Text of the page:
“Now, there’s your new home, down there,” said the farmer, and he nodded at a pretty farm-house nestling down in the valley. “You’ll like living there. There are three children to ride you, and they’re nice children, so don’t you try any silly tricks with them.”

The pony pricked up his ears. Three children! He would like that. He was shy of boys and girls, but once he knew them it would be great fun to play with them. He jogged on happily, feeling more and more excited.

They came to the farm. A little white gate led to the farm-house. Swinging on it were three children, waiting for them. They saw the tiny pony and shouted in delight.

“There he is! Look, there he comes! Oh, isn’t he sweet? He’s the nicest little pony we’ve ever seen!”

They jumped off the gate and rushed to meet the farmer and the pony. He was afraid and ran back, nearly pulling the rope from the farmer’s hand. But the farmer pushed him forward.

“What, you’re shy! Don’t be silly! Just show how beautiful you are!”

“He is beautiful,” said Willie, a big boy of ten. “The most beautiful pony I’ve ever seen.”

“Oh the darling!” said Sheila, who was seven, and she put her arms round his neck.

“I want to ride him now, now, now!” cried Timmy, the youngest. He was five. The farmer lifted him up and put him on the pony’s back, holding him there. The pony jumped in fright. He was not used to having anyone on his back, and he didn’t like it.

“Now, now!” said the farmer. “You’ll have to get used to this. Well, Timmy, how do you like him?”

“I love him,” said Timmy, his round face red with joy. “Take me off again. I want to look at him.”

“Well, I must leave him now,” said the farmer. “Where’s he to be kept?”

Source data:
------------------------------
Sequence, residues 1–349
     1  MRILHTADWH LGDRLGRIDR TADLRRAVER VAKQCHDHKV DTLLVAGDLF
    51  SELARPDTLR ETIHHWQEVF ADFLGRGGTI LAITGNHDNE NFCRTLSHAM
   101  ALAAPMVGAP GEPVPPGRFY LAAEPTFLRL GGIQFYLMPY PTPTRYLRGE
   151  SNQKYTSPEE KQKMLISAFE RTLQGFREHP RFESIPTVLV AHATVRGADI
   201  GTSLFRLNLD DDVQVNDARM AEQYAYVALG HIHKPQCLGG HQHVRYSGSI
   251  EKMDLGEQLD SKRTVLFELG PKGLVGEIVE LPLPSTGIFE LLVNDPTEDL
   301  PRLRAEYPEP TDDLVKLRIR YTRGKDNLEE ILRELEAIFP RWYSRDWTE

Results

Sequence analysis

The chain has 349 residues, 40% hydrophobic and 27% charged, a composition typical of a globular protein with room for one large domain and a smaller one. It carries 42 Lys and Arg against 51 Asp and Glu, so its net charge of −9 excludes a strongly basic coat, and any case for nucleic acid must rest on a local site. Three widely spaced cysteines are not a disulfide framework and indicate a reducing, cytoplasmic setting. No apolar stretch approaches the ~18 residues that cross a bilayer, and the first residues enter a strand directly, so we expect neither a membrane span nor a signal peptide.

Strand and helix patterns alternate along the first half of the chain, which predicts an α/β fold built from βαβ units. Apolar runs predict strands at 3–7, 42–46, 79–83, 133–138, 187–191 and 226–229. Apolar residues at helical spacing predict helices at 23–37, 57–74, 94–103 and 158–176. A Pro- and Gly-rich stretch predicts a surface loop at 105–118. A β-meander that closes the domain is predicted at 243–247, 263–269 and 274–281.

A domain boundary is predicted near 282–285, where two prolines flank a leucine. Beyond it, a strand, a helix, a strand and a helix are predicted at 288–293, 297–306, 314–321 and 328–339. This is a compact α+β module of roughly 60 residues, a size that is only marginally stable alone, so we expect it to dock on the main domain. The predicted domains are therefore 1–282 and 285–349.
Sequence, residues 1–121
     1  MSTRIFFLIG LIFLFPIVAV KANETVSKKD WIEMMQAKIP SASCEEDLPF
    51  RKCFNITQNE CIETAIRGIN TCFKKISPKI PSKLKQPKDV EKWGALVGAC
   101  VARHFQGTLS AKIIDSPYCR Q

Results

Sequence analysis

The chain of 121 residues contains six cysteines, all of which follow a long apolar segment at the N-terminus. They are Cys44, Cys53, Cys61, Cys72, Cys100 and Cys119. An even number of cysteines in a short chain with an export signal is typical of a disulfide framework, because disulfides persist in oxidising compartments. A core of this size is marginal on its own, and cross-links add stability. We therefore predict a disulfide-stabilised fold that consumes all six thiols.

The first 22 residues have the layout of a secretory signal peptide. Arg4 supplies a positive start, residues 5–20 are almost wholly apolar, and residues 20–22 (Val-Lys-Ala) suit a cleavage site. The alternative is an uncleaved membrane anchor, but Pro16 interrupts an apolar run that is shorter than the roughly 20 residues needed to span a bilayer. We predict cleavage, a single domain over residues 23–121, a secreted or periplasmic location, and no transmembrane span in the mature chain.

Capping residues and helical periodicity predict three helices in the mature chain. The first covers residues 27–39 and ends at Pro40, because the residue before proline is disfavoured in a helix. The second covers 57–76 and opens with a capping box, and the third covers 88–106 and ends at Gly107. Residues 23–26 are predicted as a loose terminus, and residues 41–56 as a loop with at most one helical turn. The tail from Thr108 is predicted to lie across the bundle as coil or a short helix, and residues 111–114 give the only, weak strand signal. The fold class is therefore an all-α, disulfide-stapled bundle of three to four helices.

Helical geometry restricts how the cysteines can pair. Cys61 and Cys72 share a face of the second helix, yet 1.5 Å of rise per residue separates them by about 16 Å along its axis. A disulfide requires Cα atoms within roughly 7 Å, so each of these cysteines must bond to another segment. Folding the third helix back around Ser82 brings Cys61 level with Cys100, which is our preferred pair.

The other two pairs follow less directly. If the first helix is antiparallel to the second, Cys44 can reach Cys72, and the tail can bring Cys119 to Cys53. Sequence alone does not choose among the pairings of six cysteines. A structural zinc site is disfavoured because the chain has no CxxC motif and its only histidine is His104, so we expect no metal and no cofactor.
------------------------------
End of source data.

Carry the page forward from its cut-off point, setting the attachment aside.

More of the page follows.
“In the field just here,” said Willie, and he pointed to the field near the farm-house garden. “I’ll take him. Oh, isn’t he lovely? Has he got a name?”

“No,” said the farmer, giving the rope to Willie to lead the pony away. “I left it to you children to name him. Well, I hope he’ll be good. He’s a dear little fellow. Now I’ll go and have a word with your father. I can see him in the fields up above.”

He left the pony with the children. They led him into the field and shut the gate. He stood and looked at them with his bright, puzzled eyes. Everything was so strange to him. He wanted his mother there.

“You’re the dearest pony in the world, and you’re ours!” said Sheila, rubbing his nose gently. “But first we must give you a name.”

Not Sooty or Blackie or Cinders,” said Willie.

“But he’s very black!” said Sheila. “We ought to call him something black.”

“I don’t like black names,” said Willie. “I shan’t call him a black name.”

“Oh well, call him Snowball or Snow-white or Snowdrop!” said Sheila, laughing. The others stared and Willie laughed too.

“Good idea! We’ll call him Snowball! That will make people laugh. Anyway, it’s a nice name. Snowball, do you like your new name?”

The pony turned his head to Willie. He liked Willie. He didn’t know what a snowball was. He had never seen snow. He thought it was a nice name, and he was very glad to have a name of his own. He hoped his mother would like it too.